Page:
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Breast Cancer

  • What is Breast Cancer?

    Breast cancer

    Breast cancer is an abnormal growth of cells in the breast that can sometimes be felt as a lump or mass called a tumour. The tumour develops when cells in the breast divide without control and produce extra tissue. A breast tumour can be benign (non-cancerous) or malignant (cancerous). Cancerous cells can spread within the breast, to lymph nodes (glands) in your armpit, and to other parts of your body.

    The causes of breast cancer are not known. It sometimes occurs in women who have family members with the disease (a genetic cause) or who started to menstruate from a young age (a hormonal cause). Normal female hormones control the division of cells in the breast, and may trigger breast cancer. Women over the age of 40 years old are more likely to get breast cancer than younger women.

  • Symptoms of Breast Cancer

    Infographic breast cancer symptoms

    The symptoms of breast cancer may include any of the following:

    • A painless lump in the breast
    • Bleeding or unusual discharge from the nipple
    • Dimpled or puckered skin over the breast
    • Persistent itch and rash around the nipple
    • Pulled in or retracted nipple
    • Swollen and thickened skin over the breast
  • Detection of Breast Cancer

    Breast anatomy with cancerous tumour and benign lump

    Breast Self-examination

    Breast cancer is one of the few cancers that can be detected by the patient at home through self-examination. The patient should become familiar with the shape, form and feel of her breasts so as to recognise any changes, such as lumps. Regular self-examination can help to detect breast cancer early before it spreads, which usually accounts for more successful treatment. Some things to note regarding self-examination include:

    • Breast self-examination should be done monthly, preferably about a week after the last menstrual period starts.
    • If the patient no longer has menses, she should perform breast self-examination on the same day of each month, for example the first of every month.

    During self-examination, the patient should look out for:

    • A lump, swelling, or thickening in the breast or underarm area
    • Changes in the size or shape of one breast
    • Puckering or dimpling of the skin of the breast or nipple
    • Persistent rash or change in the skin around the nipple
    • Recent changes in the nipple, eg. inversion, retraction
    • Any bleeding or unusual discharge from the nipple
    • Skin redness or soreness of the breast
    • Accentuated veins on the surface of the breast
    • Unusual swelling of one upper arm
    • Any enlarged lymph nodes in the armpit and collarbone areas

    Look for visible changes in the breasts and nipples by turning them slowly from side to side and feel for changes in the breasts, underarm, and collarbone areas.

    If you notice a lump in your breast, or if you suspect that you may have breast cancer, it is advisable to consult a doctor and undergo in-depth tests such as a mammogram.


    A mammogram is a screening procedure that uses a special machine to take x-ray pictures of the breast. The x-ray pictures make it possible to detect cancerous tumours that cannot be felt by hand, or lumps in the breast that are not yet cancerous but may grow into cancerous tumours. The mammogram is currently one of the most reliable screening tools for breast cancer. Regular mammograms can help detect breast cancer early, thus allowing for early treatment. It is recommended for women between 40 – 49 years old to take annual mammograms.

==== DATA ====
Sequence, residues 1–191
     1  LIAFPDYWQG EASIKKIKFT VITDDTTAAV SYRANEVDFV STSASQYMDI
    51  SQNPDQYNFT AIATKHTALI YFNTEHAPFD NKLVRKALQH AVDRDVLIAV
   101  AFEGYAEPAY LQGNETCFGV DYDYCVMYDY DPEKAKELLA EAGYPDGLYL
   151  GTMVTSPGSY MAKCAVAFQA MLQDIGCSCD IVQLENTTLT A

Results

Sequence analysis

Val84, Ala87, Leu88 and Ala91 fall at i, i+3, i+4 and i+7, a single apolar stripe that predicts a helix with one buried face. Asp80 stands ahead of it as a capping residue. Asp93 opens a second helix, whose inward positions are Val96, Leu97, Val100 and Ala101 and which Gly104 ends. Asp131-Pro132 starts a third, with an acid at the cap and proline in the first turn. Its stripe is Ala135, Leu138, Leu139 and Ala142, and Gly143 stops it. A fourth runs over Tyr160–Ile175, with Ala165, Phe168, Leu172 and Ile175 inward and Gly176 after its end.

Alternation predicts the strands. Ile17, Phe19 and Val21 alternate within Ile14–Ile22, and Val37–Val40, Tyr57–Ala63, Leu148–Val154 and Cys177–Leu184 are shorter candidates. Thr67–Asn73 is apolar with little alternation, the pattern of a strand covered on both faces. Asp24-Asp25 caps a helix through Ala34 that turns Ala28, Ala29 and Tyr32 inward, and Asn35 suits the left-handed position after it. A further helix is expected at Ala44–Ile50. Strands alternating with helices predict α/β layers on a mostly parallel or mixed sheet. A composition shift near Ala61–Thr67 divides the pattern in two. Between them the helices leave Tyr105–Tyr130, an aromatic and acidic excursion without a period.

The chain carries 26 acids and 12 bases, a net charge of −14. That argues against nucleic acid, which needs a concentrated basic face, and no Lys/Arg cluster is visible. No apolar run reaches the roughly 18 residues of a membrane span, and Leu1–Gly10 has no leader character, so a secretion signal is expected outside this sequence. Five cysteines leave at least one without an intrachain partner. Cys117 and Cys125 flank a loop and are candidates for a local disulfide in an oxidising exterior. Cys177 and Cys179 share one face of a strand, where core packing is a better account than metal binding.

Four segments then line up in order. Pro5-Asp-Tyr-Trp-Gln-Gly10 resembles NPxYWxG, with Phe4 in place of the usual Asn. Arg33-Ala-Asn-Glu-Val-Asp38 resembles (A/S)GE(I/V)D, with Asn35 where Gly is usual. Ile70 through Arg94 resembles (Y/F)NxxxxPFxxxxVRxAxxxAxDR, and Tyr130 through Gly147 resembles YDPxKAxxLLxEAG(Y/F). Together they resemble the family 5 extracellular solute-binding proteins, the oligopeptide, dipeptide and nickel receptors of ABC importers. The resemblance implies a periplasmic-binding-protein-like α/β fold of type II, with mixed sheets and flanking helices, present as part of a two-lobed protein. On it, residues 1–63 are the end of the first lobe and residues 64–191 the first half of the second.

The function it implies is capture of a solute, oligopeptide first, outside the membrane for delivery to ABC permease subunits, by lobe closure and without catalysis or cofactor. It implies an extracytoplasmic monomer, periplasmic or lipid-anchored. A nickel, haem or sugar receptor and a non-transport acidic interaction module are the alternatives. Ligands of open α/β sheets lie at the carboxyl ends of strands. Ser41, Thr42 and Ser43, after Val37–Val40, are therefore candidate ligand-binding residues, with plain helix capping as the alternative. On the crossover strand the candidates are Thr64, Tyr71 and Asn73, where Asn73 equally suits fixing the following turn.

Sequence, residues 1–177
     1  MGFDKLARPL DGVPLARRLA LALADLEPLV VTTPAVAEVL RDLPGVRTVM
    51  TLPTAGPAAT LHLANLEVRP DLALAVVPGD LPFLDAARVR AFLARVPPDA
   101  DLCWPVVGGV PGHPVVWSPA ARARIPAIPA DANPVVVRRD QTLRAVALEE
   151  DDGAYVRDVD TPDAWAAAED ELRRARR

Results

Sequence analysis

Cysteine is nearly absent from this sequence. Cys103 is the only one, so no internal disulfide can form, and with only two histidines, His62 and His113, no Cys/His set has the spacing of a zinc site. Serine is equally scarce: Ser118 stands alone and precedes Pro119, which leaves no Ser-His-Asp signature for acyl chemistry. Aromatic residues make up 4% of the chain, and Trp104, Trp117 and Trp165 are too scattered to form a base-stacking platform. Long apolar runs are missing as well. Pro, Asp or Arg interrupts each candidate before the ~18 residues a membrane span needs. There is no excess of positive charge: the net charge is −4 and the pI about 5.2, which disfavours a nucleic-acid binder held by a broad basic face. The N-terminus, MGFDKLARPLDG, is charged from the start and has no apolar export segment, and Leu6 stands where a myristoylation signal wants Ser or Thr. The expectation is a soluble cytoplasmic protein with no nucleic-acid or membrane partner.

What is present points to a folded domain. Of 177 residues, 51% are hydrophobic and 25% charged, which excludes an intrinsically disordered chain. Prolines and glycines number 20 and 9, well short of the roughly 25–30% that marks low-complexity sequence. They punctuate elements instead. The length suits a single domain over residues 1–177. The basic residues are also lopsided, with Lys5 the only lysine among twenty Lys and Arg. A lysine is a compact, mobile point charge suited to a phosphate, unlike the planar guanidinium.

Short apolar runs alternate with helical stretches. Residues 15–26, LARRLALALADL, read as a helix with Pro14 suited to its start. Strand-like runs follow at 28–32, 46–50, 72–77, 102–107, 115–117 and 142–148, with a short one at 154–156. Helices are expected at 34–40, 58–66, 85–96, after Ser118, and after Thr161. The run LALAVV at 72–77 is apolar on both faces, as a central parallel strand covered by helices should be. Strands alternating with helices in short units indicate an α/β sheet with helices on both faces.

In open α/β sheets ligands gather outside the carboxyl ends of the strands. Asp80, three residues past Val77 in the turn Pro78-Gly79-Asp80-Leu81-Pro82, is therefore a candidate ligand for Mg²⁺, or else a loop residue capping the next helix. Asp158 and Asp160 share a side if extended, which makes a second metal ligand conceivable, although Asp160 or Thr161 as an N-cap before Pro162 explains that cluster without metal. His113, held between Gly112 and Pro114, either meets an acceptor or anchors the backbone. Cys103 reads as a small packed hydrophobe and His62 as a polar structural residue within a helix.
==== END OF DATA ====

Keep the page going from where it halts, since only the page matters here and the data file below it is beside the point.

MRI Breast

    A breast MRI (magnetic resonance imaging) is a special screening procedure that takes images of the breast using strong magnetic fields and radio waves. A breast MRI is not a replacement for a mammogram. It is used as a supplemental tool to mammograms, usually when there is an abnormality on the mammogram that cannot be conclusively determined as a cancerous lump.

    A breast MRI can be used to provide the doctor with detailed information on the position of the cancer as it creates images of the breast tissue. It is also used to check the site after treatment to determine if the cancer still remains.

    In some cases, a breast MRI is used to screen for breast cancer in women who are at high risk of breast cancer, such as those who have a family history of breast cancer or younger women due to higher breast tissue density.

  • Breast Cancer Treatment

    Mammogram machine for breast cancer detection

    Depending on the stages of breast cancer, you may be recommended to undergo an operation to remove the tumour. This may be:

    • Breast conserving surgery:
      1. Lumpectomy — removal of the cancer and some of the surrounding tissue
      2. Quadrantectomy — removal of 1/4 of the breast that contains the lump and surrounding tissue
    • Mastectomy — removal of the whole breast

    Other treatments include:

    • Drug therapy to destroy the cancer cells
      1. Chemotherapy
      2. Hormonal therapy
      3. Targeted therapy
    • Radiation therapy (high-energy x-rays) to destroy the cancer cells
    • Rehabilitation
      1. Nutrition and lifestyle support to help you recover
      2. Shoulder exercises and arm care to avoid stiffness and swelling

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